If all you do is read this e-mail then you have managed to listen to just one voice but so many more are calling out to you. Minister I am tired of running away from bullies, I am tired of being treated like I am a second class citizen in a country that I love so much. So I have decided that I am not going to be bullied this time, I am going to stand up and I am going to fight back because if my parents have ever taught me anything it is that if you have something you believe in and deep in your heart you know is right then you have to fight for it. If it takes climbing onto the walls of the Dáil another 100times, marching down the streets of Dublin, Limerick, Cork and Galway, writing letters and e-mails, signing petitions and spreading the word about this inequality then you can be sure I will be doing my part.

I do not know if you will reply to this e-mail but please don't just disregard what I have said,

Declan Doody

Later Declan's mother, Helen Doody, also wrote to the Irish justice minister, and her email is widely available on the internet including at this link on Pink News.

Tuesday, July 07, 2009

BBC Director-general, Mark Thompson had nothing to say about homophobic banter when he was interviewed by Steve Hewlett recently (see blog on 1 July 2009). In the interview Mr Thompson said: The majority of the people, and here we're talking - depending on the question - of anything between 60% and 75% of the audience recognise that there's a trade-off. That if you want original new comedy, if you want cutting edge drama, it's inevitable, if the BBC's to give the creative space for people to do interesting, bold new work there is a risk that some people are gonna be offended.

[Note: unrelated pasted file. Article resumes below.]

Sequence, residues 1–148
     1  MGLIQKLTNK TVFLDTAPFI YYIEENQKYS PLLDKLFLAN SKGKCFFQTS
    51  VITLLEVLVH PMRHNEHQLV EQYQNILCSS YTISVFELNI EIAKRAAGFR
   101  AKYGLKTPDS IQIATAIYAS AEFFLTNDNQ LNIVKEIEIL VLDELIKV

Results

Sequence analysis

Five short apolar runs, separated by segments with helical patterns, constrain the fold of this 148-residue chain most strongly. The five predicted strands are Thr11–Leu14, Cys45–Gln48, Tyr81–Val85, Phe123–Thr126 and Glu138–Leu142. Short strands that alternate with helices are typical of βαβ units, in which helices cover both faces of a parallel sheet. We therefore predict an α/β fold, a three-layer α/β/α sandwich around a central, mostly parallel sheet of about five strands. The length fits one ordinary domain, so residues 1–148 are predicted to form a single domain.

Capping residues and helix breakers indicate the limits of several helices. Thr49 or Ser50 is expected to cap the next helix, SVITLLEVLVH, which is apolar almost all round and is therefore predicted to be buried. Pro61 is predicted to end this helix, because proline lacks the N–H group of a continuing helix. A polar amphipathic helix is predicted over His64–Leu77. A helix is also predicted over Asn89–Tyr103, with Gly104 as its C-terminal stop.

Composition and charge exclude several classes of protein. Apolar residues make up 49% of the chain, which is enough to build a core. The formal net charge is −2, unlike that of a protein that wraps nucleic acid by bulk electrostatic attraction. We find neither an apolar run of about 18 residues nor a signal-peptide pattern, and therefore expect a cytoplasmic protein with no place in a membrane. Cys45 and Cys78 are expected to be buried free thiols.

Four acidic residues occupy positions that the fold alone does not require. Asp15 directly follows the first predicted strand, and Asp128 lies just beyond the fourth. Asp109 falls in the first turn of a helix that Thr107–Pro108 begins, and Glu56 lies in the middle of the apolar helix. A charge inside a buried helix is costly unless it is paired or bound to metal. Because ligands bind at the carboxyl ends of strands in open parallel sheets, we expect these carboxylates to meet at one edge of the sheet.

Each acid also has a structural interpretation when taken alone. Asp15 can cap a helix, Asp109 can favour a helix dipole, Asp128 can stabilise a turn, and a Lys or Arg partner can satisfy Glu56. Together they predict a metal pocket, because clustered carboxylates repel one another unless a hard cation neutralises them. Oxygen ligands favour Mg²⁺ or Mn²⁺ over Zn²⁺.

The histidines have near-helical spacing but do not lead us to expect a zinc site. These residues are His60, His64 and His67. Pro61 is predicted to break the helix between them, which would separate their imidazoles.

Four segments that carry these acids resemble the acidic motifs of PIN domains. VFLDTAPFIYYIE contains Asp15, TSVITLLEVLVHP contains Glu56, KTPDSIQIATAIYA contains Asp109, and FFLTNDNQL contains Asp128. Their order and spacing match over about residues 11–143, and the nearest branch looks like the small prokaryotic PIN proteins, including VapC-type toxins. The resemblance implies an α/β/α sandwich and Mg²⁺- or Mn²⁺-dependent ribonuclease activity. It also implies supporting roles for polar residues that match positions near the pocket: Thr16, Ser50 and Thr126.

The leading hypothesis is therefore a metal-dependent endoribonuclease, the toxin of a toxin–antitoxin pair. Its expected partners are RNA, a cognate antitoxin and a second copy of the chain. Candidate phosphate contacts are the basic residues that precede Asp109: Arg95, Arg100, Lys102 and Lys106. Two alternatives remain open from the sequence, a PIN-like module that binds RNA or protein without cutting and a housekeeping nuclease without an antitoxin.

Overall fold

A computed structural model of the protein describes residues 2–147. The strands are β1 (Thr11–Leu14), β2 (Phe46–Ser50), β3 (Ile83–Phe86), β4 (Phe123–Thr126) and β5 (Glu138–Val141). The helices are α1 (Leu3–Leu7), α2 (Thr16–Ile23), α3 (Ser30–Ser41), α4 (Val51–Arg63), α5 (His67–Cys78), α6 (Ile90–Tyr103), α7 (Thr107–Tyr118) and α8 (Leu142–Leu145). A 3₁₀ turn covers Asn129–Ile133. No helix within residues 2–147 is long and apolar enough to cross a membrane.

So does the BBC class Jonathan Ross's "jokey banter" as original comedy? Is it perhaps interesting, bold new work? Of course it isn't. The scripted introductions to Friday Night with Jonathan Ross are of no more comedic value than the homophobic banter/bullying heard in Britain's worst workplaces every day.

In March 2009 it was "the men who are regularly taken up the Dolomites" and in May this year it was "the men who are never happier than when they're being taken up the Urals .." So how much has Jonathan's comedy actually progressed over time? Not much, it would seem, because a couple of years ago Jonathan's house band were "never happier than when they're being taken up the Orinoco."

Martina Navratilova was one of the guests on The Andrew Marr Show on Sunday. During the press review Martina commented on a Sunday Telegraph headline about Bishop Nazir Ali:- "Change and repent, bishop tells gays; Nazir-Ali reignites Church battle over homosexuality." Martina was very annoyed at the attitude of regarding lesbian and gay people only in terms of sex. "When you have a straight couple," Martina said "you don't automatically imagine Oh I wonder what they do behind closed doors."

In response Andrew Marr recalled Matthew Parris having said that equality will only be achieved when people are uninterested in a person's sexuality.

All-in-all, it seems clear that there is no reason whatsoever for Jonathan Ross's weekly homophobic banter. The BBC is doing a great disservice to the LGBT community, and the sooner the Corporation realises it the better.